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Chapter 7 Special Mgmt. Areas Brownfields Domenic Rocco, P. E. , CPESC PA DEP – SERO Chief, Permits and Technical Services PA SWM BMP Manual Pilot Training Split Rock, Carbon County
Agenda: • • • Brownfields Lingo Misconceptions Background What’s changed? Permitting for Brownfield Sites Specific Conflicts – E&S – PCSWM • Example Site • Recommendations • Next Steps
Brownfield Lingo & Misconceptions: • Brownfield are realand Environmental Remediation property, the expansion, • Act 2 - The Land Recycling Standards Act of 1995 redevelopment , or reuse of which may be • Act 2 is a voluntary program. complicated Intentthe presence or potential • NIR – Notice of by to Remediate presence of cleanup does not mean the site will be • A brownfield hazardous substances, pollutants afterwards. or “clean” involve a “cap” to isolate contamination. contaminants. (Source: EPA) – May • Not all Clean-ups go through Act 2*. – Ex. Superfund • Not all sites qualify for Act 2*. • Not all brownfield sites that go through Act 2 require a physical cleanup. – no earth disturbance (for cleanup phase) – “Release of Liability” Protection • “Soil Mgmt Plan” does not cover E&S
Brownfield Lingo & Misconceptions: • Brownfield • Act 2 - The Land Recycling and Environmental Remediation Standards Act of 1995 – Act 2 is a voluntary program. • NIR – Notice of Intent to Remediate • A brownfield cleanup does not mean the site will be “clean” afterwards. – May involve a “cap” to isolate contamination. • Not all Clean-ups go through Act 2*. – Ex. Superfund • Not all sites qualify for Act 2*. • Not all brownfield sites that go through Act 2 require a physical cleanup. – no earth disturbance (for cleanup phase) – “Release of Liability” Protection • “Soil Mgmt Plan” does not cover E&S
Background: • Brownfield projects have become a significant portion of the NPDES workload. (SERO > 40%)* • Brownfields are common in urbanized areas and along old industrial corridors* – rivers, canals and railroads. • Pre – 2005: Permits not needed for brownfield cleanups under Act 2. – Many problems encountered with clean up w/ improper E&S Controls – Citizen complaints – Finger pointing • Full Circle: Different interpretation of existing rules.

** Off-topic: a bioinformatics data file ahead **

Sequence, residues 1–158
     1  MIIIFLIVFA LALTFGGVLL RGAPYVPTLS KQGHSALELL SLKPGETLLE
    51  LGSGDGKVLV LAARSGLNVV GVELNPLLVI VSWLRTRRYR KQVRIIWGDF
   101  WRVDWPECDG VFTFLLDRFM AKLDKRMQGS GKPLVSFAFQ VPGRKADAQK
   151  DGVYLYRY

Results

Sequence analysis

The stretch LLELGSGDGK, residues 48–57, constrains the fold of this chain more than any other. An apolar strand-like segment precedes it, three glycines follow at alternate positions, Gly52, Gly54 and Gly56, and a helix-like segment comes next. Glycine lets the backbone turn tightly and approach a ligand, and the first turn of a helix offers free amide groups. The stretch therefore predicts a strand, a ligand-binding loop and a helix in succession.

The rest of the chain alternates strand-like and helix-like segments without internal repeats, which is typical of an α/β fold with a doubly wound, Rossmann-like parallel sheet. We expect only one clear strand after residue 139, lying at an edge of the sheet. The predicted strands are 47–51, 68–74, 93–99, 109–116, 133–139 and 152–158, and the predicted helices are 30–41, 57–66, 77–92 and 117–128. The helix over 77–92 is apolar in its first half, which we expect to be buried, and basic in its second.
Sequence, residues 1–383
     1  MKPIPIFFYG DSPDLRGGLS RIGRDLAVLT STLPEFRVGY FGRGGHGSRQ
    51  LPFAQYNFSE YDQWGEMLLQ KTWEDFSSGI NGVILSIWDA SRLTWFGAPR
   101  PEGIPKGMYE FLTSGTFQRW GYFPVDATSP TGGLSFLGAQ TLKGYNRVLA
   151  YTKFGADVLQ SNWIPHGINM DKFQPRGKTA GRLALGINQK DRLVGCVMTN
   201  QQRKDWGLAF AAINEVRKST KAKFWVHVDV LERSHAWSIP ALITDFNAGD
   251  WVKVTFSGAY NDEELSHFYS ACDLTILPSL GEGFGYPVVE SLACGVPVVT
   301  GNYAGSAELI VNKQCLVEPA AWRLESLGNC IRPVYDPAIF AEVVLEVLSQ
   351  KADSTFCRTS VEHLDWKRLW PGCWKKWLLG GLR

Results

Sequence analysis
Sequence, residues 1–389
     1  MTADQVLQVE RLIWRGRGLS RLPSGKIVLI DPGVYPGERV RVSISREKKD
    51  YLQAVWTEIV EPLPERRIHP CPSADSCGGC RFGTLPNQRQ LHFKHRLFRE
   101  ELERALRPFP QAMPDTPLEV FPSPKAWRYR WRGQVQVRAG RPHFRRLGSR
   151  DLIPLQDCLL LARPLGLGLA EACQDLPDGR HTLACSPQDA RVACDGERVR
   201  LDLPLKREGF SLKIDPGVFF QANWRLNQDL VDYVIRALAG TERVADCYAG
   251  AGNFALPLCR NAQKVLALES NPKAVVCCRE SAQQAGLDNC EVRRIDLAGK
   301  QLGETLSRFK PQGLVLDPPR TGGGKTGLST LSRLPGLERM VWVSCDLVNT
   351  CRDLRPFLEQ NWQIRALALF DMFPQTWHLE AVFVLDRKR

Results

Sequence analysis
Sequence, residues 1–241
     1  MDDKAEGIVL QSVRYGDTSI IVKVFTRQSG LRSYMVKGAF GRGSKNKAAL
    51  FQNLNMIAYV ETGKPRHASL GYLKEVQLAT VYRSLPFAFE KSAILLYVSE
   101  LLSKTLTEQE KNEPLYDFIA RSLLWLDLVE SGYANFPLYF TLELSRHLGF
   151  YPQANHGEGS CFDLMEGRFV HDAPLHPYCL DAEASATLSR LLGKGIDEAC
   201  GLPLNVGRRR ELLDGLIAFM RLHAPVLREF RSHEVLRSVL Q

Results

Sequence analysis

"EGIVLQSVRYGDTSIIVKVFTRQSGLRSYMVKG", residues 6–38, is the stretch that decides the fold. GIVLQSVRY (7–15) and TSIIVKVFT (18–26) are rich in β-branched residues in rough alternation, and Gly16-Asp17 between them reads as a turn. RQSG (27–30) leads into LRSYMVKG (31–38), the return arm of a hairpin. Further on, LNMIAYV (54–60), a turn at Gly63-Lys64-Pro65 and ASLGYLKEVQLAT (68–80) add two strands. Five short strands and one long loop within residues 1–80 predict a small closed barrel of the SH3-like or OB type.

What’s changed? • Brownfield sites under Act 2 now require NPDES Permits – Clean up – Redevelopment Both need NPDES permits • In many cases, Individual Permits required. – Potential to discharge chemicals, solvents or other hazardous waste. • Levels of Contamination: PAG-2 – Residential Statewide Health Standard – Non-Residential Statewide HS Indiv. Permit – Background Standard (GW) – Site Specific Standard • Act 2 NIR Letters now reflect these changes. • Cleanups under Superfund are still exempt from NPDES Permits (permit equiv) • PA SWM BMP Manual has section on Brownfields - (Section 7. 2) – Future: Expect to see new BMPs or changes to existing BMPs for Brownfield Sites. *
Permitting for Brownfield Sites: Brownfields Clean-up Consultant Contractor Communication Redevelop. ? Consultant Lead? Contractor
Permit Reviews: • Require a great deal of coordination • Internal Coordination: – Brownfields & Cleanups are not just Act 2 • Act 2 – ECP/Special Projects • Superfund – ECP/HSCA • Ag Orchard – Waste Management – “Addressing Pesticide Contamination on Agricultural Land Proposed for Development” • Other clean up – Waste Management • External Coordination: • Cleanup Consultant/Contractor • Redevelopment Consultant/Contractor • Owner/Applicant
Site Constraints: Brownfields Site Characterization • Contaminant Sources • Transport Mechanisms – Soil – Groundwater – Surface Water Remedial Decision: • • Monitored Natural Attenuation In-Situ Capping Dredging & Excavation (Soil) Pump & Treat (GW) • Exposure Pathways – Receptors • Human • Ecological Potential for Sediment Mobility
Risk Assessment? • Risk-based approach • E&S Program deals with both direct pollution and potential pollution • Applicant needs to convince Plan Reviewer(s) that the risk associated with a contaminated discharge has been abated to a level protective of human health and/or the environment.
Provide a detailed written description of the project. If phases, describe amount of disturbance in first phase and the planned disturbance in each subsequent phase. Application Form 1 Remediation 50 10 04/2007 06/2007 2 Redevelopment 50 40 07/2007 07/2009 Details - Dominant land use for the 5 years preceding the planned project. Details – land uses for the past 50 years, or longer if known. Heavy Metals (Lead) 1. 2 mg/Kg Foundation Soil VOC’s (Benzene) UST Groundwater See Attached 07/03 (12) 8/04 (2) See Attached
E&S Conflicts: • Pollutants of Concern? – VOC’s (Benzene), Heavy Metals (Lead, Arsenic) • Application asks for potential pollutants – Section rarely completed correctly. * – How to disseminate info once received? • What contaminant levels pose a concern? • How are contaminants transported? – – Suspended or in-solution? Can conventional E&S BMPs do the job? What additional BMPs are needed? Information needs to be presented in “plain language”. • Conflicts with Redevelopment activities: – Basin/Trap/Swale – Building foundation – Utility lines!!
Typical E&S Mechanisms • GOAL – to prevent a discharge from a contaminated area. • Avoid/Minimize/Protect (Erosion Control) • Settling (Sedimentation Control) • Filtration (Sedimentation Control)
Erosion Control Structural (Stabilization) Non-Structural – Temporary • Minimize Disturbance • Mats/Blankets/Linings • Seasonal Restriction • Mulching • Phasing • Vegetation • Construction Sequence – Permanent • Vegetation • Imperviousness